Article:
She likely still remembered that God said not to eat the fruit, but now she does not see God as one with her best interests in mind, but as one who restrains her from reaching self-actualization. The reality of God’s command is powerless when her vision of the Commander is warped in such a way. And not only does she take on this new theology, she adopts a new anthropology—a new view of humanity. When she confuses the identity of God, she also confuses the identity of herself. She now does not identify human beings with the purpose of reflecting God, but sees their goal as assuming the role and status of God. She ceases to believe she was who God said she was and began believing she could be whatever she wanted to be. The devil, in one foul swoop, has convinced Eve to believe lies about God and herself in order to secure her disobedience. She rejects her essentially dependent identity, as God’s image, for an identity that she can  engineer on her own. In that moment for Eve, God and His commands seem uncompelling, even worse, they seemed to her to be the enemy to her most “authentic self”: the self that can be like God, who is essentially independent and autonomous, who can define good and evil. God’s authority was now the obstacle she had to tear down to establish her own authority. And while she may have thought she was stepping into freedom and empowerment, she had actually just secured her demise. 

Eve believed that she could determine who she was. She believed that she could define her identity. She believed she could be like God, even when God had already given her a definitive designation, not as God, but as His image. In pride, she trades the paradise of being God’s reflection, for a lie that tells her she can be whoever and whatever she wants to be. In other words, she embraced “her truth” instead of The truth. She “finds herself” by looking within and disregarding the standards and labels of another. Is this starting to sound familiar? It is the typical advice you would get today if you face an identity crisis of any kind. People tell you to look within, to focus on yourself, and to ignore any outside expectations of who you ought to be. But this very advice is a continuation of the original mistake of Eve.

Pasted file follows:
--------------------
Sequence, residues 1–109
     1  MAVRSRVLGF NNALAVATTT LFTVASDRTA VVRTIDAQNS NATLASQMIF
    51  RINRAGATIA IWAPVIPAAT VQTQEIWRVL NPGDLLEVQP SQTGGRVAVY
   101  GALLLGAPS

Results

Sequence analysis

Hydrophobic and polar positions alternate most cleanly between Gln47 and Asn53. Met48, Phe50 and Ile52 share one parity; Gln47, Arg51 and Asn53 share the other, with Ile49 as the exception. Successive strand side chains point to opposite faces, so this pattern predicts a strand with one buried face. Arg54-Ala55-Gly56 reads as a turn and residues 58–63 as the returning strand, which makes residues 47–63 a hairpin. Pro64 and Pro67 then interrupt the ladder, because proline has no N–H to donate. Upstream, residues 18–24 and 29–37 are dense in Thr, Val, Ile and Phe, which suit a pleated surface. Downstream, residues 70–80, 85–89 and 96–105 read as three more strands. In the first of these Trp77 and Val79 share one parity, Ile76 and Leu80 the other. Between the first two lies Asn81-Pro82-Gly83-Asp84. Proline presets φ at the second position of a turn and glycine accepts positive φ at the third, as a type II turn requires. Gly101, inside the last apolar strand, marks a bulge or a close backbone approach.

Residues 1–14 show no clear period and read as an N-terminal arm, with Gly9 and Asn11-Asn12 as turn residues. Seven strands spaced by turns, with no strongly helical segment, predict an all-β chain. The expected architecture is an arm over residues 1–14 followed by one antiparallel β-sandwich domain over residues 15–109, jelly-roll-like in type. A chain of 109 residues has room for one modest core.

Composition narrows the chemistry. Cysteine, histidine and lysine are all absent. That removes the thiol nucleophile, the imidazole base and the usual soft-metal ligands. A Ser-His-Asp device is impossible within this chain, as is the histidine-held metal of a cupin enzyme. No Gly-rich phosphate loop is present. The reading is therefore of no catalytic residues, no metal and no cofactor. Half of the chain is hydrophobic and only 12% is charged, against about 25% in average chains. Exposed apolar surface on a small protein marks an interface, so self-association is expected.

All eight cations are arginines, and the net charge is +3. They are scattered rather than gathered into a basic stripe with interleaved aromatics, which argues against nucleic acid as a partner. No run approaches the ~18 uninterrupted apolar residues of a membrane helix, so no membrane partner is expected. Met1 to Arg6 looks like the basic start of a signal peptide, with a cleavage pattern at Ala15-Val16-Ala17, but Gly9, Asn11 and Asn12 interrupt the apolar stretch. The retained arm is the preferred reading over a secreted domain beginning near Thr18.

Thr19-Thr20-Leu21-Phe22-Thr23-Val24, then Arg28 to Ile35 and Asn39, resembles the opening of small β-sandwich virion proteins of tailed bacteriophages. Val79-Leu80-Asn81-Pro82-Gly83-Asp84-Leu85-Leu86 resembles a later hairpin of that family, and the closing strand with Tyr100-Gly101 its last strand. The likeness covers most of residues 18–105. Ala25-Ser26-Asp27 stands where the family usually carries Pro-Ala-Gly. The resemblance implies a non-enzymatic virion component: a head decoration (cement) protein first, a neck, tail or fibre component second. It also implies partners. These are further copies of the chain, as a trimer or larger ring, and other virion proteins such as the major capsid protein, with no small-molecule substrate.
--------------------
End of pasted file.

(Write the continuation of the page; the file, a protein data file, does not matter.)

Building your identity completely independently is the biblical explanation of what is really wrong with humanity: we think we can decide who we are, and when we do that, we believe ourselves to be God. We think we can take on His role as the ultimate “see-er” of the world, defining what is good, beautiful, and right, and what it means to be a self. And that is not just a shift in theology, anthropology, nor philosophy, it is the epitome of arrogance. Be weary when you hear people say “You can be whoever you want to be!,” for they do not realize what they do when they make such a proclamation. Genesis would have us think twice before we buy the lie that there is freedom and empowerment in defining yourself on your own terms. Behind such a belief is a mistaken theology and an arrogant view of humanity. And not only that, but behind such beliefs are empty promises. They are a ploy of the deceiving serpent. He wanted Eve to think self-creation was good for her. But that was merely a trick. Self-creation did not lead her to freedom, it led her to shame. If we want to think of ourselves in healthy ways, we must start with this crucial recognition: we are not God, we are His image. And that is good.